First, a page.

Chess in their blood – and their school schedules

Reading, writing and arithmetic – these are the three disciplines that children learn when they start school. But in Armenia there's a fourth: in 2011 the republic in the Caucasus with three million inhabitants became the first country to make chess a compulsory subject from second to fourth grade. Chess is the national sport in Armenia and politicians prefer not to leave the next generations' skills to chance.

The greats look down from the walls at the young and old masters playing at the tables. (Image: Tigran Petrosyan)

"As a child I didn't enjoy chess because I wasn't as good as my brother, who was the junior world champion," recalls Mikayel Andriasyan. Andriasyan is just 27 years old and already general-secretary of his country's chess federation. So, evidently, he did finally succumb to a passion for the game. In addition to his work at the federation, he also coordinates the schools program and all the activities of the national chess academy. Potential stars of the future aged between five and 20 study here, honing their skills in amateur tournaments on top of their regular chess courses at school. The academy operates branches in 53 different towns. Gaining admission is no easy task.

Given the positive experiences of the mandatory lessons, plans are now afoot to extend the program, the general-secretary explains: a curriculum for 11- to 15-year-olds is currently being tested. Even countries like Belarus, Uzbekistan and Kyrgyzstan have approached Armenia about it, he adds: they wanted to adopt the chess program in Armenia for their own schools, not least – presumably – because of effects that have nothing to do with winning medals. Andriasyan points to international studies and notes, "Chess players don't do drugs."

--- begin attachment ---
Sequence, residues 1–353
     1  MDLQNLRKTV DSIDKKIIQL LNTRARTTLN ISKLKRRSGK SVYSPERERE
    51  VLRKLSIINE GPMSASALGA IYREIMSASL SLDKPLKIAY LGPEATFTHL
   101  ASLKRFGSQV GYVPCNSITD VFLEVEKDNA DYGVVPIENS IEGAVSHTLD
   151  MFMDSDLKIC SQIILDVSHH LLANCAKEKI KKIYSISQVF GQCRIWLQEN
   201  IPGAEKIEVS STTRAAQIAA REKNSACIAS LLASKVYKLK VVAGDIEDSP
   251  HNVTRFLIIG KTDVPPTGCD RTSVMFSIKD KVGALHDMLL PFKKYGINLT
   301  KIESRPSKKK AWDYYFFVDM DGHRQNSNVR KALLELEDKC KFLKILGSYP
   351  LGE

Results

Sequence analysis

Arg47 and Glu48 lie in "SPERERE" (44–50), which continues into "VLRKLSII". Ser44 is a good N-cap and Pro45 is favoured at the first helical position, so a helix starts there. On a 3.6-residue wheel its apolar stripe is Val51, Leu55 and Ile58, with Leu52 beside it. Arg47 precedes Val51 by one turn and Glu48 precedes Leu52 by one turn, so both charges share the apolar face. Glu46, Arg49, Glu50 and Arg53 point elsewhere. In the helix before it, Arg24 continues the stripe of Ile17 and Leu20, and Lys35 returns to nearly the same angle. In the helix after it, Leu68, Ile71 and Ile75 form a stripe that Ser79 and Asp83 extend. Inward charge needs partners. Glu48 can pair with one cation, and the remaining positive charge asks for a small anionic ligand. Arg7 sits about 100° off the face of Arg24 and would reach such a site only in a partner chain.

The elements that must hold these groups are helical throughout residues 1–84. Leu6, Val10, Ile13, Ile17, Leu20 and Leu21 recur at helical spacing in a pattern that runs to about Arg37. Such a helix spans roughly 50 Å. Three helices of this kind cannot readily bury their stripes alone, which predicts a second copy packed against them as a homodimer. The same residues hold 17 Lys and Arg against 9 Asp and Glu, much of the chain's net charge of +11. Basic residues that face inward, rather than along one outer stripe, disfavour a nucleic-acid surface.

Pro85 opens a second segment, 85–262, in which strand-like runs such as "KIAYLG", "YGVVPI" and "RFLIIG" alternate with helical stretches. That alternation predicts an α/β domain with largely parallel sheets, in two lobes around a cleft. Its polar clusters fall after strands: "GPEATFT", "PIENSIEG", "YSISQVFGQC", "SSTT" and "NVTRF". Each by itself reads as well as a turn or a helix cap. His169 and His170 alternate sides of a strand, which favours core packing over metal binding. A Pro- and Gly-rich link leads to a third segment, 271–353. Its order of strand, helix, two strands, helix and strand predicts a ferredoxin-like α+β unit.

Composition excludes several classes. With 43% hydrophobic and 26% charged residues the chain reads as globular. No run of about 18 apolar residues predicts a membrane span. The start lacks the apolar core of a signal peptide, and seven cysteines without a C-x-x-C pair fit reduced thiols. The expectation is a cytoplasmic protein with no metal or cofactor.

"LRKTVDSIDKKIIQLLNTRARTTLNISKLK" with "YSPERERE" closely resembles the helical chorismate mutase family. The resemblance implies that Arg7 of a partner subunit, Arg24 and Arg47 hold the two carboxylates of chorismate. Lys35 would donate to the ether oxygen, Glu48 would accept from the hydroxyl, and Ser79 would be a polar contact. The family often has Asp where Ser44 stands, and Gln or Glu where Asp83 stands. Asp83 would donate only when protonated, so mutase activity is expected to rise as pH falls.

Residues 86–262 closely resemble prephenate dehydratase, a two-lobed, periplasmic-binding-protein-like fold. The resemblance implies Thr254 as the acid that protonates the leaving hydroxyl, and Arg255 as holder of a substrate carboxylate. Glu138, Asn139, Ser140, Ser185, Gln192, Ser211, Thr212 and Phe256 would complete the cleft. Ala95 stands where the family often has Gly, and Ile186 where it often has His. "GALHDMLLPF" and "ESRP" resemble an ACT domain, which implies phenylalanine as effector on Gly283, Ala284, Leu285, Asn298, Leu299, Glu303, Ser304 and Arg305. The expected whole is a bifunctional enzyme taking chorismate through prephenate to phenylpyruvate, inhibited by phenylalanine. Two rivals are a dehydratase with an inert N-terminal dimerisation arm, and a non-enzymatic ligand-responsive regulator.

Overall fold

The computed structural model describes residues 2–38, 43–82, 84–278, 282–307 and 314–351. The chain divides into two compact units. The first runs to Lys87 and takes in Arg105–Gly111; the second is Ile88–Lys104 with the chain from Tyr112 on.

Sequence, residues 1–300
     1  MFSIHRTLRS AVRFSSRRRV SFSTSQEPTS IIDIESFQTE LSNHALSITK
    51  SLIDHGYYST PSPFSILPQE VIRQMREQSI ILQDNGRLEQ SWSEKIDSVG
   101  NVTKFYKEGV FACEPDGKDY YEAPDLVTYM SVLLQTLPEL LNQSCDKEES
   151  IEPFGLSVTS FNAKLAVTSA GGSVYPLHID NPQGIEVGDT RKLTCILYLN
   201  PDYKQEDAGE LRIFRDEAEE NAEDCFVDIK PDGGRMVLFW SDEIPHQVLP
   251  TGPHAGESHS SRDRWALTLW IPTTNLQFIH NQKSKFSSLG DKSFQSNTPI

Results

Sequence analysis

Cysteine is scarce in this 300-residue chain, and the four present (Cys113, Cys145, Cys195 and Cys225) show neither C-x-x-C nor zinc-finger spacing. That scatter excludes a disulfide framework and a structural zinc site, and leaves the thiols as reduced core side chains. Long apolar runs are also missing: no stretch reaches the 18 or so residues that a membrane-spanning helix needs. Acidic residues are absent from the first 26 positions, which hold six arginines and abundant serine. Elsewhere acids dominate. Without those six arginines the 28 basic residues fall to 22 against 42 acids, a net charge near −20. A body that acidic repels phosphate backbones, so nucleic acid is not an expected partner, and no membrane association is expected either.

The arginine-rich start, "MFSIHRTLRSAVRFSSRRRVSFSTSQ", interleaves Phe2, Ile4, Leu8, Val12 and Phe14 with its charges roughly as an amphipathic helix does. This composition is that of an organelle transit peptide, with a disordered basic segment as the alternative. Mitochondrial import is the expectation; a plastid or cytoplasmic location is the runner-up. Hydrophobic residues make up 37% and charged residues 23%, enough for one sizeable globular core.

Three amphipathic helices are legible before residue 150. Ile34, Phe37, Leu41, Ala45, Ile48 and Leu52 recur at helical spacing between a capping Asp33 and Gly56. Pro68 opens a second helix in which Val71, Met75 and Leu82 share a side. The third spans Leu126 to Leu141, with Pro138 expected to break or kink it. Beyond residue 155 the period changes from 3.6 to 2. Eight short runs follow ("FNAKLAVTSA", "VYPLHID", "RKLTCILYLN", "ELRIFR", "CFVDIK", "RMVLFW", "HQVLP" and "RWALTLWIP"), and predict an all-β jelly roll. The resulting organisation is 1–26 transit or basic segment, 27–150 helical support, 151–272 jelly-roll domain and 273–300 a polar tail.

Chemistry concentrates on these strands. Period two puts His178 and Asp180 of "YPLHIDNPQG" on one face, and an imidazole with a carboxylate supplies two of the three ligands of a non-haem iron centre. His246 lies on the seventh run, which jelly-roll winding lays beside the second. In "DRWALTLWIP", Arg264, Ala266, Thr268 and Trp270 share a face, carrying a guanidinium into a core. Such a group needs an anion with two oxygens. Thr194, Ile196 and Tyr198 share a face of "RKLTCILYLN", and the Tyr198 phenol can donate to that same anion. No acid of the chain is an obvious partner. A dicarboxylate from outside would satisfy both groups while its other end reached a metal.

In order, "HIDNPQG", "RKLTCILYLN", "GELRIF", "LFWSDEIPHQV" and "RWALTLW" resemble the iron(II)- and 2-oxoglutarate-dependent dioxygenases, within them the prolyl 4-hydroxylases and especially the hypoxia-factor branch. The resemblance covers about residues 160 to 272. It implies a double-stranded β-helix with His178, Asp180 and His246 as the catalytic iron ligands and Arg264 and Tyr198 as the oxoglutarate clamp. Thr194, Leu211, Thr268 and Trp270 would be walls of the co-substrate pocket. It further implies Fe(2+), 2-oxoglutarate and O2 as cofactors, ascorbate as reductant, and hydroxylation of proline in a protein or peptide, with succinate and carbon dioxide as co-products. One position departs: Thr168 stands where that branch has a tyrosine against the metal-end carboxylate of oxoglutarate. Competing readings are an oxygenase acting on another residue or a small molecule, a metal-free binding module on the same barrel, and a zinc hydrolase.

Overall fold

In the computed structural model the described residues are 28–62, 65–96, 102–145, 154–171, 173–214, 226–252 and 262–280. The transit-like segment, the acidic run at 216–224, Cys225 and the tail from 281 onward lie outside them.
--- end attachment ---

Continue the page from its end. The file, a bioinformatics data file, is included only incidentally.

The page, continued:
The role model for many Armenian chess players is Tigran Petrosian. A grandmaster, he was world champion between 1963 and 1969 and also topped the team world rankings with the USSR, which won nine Olympic gold medals with his help. Simultaneously he completed a Ph.D. on the role of logic in chess and spent years as the editor-in-chief of the Soviet chess magazine.

Petrosian, who is still revered as a national hero today, also laid the foundations in 1967 of the Chess House in Yerevan's central park, the chess federation's headquarters. Inside the building's foyer old folk play against each other and engage in animated discussion about moves and strategies.

Not far away there are several benches and tables in the park. There's a bubbling atmosphere because here, under the trees, residents of the capital can be found facing off over the black-and-white boards. All kinds of residents: children, women and men. Young and old. They compete with each other or analyse famous matches from the past. They are all familiar with the ideas and tactics of the old masters. The people here have no doubt: "Playing chess leads to a better future." And that future begins at school.

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